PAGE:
Metal-organicf rameworks have recently attracted much interest as promising materials for water generation and purification, proton conduction, and molecular sensing. Contrary to other porous materials like zeolites, MOFs are highly tunable, which implies that it is possible to rationally design the framework properties, including both pore size and shape, for specific applications. In this talk, I will present our results from advanced molecular dynamics simulations that are used to develop a microscopic picture of the mechanisms associated with water adsorption and water-mediated proton conduction in different MOFs. Particular focus will be on the analysis of both guest and framework properties as a function of temperature, guest loading, and pore size/shape, which are characterized in terms of specific spectroscopic signatures.

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Apr
11
11:10 AM11:10

Thijs J.H. Vlugt (Delft University of Technology)

SESSION 1: CATALYSIS AND ADSORPTION IN MOFS

Polarizable Force Fields for the Adsorption of CO2 and Small Hydrocarbons in M-MOF-74

Delft University of Technology, P&E department, Leeghwaterstraat 39, 2628CB Delft, The Netherlands

Keywords: M-MOF-74, adsorption, polarizable force field

The separation of light olefins from paraffins via cryogenic distillation is a very energy intensive process. Solid adsorbents and especially metal–organic frameworks with open metal sites have the potential to significantly lower the required energy. Specifically, M-MOF-74 has drawn considerable attention for application in olefin/paraffin separation. To investigate how the separation proceeds on a molecular level and to design better materials, molecular simulation can be a useful tool. Unfortunately, it is still a challenge to model the adsorption behavior of many adsorbates in metal–organic frameworks with open metal sites. Previously, the inclusion of explicit polarization has been suggested to improve the quality of classical force fields for such systems. Here, the potential of polarizable force fields for the description of olefins and paraffins in metal–organic frameworks with open metal sites is investigated. In particular, heats of adsorption, binding geometries, and adsorption isotherms are calculated for C2H4, C2H6, C3H6, and C3H8 in M-MOF-74 (with M = Co, Mn, Fe, and Ni). In this study, no force field parameters are adjusted to improve the model. The results show that including explicit polarization significantly improves the description of the adsorption in comparison to non-polarizable generic force fields which do not consider explicit polarization. The study also reveals that simulation predictions are sensitive to the assigned repulsive potential and framework charges.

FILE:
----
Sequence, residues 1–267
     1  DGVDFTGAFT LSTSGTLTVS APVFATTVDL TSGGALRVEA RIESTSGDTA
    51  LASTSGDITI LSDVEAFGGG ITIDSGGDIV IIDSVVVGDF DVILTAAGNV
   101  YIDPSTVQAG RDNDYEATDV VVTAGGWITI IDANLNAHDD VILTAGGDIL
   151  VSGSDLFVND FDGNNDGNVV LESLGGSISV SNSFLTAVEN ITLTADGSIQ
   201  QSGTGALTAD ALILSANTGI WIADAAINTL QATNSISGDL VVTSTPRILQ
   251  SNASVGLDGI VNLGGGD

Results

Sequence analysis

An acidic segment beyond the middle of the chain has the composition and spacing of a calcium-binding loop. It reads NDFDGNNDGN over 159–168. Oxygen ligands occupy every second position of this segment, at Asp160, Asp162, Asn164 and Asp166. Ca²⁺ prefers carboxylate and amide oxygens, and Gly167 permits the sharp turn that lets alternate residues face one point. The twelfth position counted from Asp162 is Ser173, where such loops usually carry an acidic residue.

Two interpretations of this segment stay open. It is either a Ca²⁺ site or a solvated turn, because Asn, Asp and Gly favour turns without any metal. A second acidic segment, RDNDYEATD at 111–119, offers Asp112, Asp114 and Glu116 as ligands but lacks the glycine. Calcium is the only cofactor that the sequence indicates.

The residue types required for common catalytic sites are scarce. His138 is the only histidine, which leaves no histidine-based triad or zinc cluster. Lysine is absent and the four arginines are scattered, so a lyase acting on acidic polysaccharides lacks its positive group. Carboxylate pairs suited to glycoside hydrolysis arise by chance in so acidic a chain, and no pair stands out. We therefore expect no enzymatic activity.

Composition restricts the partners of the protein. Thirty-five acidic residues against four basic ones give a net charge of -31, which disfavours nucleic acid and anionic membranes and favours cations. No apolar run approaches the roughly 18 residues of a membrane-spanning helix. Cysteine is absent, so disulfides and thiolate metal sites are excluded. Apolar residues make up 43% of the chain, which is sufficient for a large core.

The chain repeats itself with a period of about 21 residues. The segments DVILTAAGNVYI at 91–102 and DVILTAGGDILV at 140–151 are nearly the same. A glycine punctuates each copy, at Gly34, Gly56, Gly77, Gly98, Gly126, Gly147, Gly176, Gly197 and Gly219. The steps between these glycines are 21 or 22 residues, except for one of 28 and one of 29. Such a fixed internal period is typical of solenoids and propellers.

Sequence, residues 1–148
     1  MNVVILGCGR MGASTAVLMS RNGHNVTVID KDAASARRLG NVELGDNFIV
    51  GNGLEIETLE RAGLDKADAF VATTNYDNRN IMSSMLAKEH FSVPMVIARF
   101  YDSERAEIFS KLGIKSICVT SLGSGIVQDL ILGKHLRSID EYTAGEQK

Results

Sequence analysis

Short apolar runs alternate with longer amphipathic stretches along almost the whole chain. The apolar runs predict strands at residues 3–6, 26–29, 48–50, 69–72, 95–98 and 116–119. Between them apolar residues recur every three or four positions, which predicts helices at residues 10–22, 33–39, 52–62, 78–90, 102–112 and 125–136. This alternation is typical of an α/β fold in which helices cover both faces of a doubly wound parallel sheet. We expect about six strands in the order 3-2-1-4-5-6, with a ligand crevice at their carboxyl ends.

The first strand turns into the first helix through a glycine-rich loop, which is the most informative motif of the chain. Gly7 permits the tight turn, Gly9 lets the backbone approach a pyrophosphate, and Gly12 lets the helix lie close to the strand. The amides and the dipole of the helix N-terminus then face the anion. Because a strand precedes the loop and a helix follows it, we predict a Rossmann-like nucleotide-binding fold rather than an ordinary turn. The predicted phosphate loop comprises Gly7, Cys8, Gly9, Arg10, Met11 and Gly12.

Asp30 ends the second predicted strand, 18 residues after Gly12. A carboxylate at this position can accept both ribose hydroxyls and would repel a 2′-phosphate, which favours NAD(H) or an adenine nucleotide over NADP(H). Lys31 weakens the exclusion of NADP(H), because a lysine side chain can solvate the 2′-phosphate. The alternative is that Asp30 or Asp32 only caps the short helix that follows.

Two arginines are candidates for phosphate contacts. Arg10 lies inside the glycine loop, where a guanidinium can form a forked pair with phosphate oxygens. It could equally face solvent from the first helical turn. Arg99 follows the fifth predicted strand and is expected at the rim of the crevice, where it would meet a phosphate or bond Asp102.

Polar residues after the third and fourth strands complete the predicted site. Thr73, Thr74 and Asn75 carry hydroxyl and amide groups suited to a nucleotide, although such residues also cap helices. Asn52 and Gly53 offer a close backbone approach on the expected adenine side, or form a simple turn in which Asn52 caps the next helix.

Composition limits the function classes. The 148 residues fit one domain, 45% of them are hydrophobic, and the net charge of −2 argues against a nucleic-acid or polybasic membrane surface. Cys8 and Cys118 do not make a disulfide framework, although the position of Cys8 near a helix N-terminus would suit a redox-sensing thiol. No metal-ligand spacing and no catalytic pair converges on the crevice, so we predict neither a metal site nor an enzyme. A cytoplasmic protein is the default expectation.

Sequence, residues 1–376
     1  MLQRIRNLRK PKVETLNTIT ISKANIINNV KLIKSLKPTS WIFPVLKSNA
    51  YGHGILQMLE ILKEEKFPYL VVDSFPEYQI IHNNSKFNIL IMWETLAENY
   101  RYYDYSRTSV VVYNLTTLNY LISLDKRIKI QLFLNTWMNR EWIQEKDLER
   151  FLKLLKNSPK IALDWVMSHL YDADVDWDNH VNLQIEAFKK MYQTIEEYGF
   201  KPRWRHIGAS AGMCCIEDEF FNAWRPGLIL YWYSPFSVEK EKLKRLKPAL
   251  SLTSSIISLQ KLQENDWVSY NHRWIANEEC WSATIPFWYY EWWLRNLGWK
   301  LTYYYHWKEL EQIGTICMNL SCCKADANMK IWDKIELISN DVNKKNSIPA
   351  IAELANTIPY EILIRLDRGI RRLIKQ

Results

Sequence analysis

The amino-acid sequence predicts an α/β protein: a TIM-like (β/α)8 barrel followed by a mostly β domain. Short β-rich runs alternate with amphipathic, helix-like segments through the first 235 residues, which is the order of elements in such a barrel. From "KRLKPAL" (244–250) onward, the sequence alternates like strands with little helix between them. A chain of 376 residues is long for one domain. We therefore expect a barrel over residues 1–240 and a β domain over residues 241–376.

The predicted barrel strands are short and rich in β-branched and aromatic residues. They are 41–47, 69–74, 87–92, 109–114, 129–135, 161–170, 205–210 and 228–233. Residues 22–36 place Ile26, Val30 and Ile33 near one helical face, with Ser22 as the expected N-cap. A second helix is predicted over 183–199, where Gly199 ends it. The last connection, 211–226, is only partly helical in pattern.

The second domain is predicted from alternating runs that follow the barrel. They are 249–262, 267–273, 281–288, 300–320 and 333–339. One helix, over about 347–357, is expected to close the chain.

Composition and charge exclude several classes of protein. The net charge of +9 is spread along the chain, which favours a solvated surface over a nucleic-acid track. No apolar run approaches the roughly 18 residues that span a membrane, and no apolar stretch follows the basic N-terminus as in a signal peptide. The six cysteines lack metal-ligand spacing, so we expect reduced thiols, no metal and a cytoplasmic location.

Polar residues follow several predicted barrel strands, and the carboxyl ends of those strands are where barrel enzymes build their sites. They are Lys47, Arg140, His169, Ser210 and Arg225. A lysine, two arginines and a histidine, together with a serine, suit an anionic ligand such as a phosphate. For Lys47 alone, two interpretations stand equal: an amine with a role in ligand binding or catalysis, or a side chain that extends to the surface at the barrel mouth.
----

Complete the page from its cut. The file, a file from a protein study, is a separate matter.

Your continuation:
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Apr
11
10:50 AM10:50

Louis Vanduyfhuys (Ghent University)

SESSION 1: CATALYSIS AND ADSORPTION IN MOFS

Unraveling the Thermodynamic Conditions for Negative Gas Adsorption in Soft Porous Crystals

Center for Molecular Modeling, Ghent University, Technologiepark 46, Zwijnaarde 9052, Belgium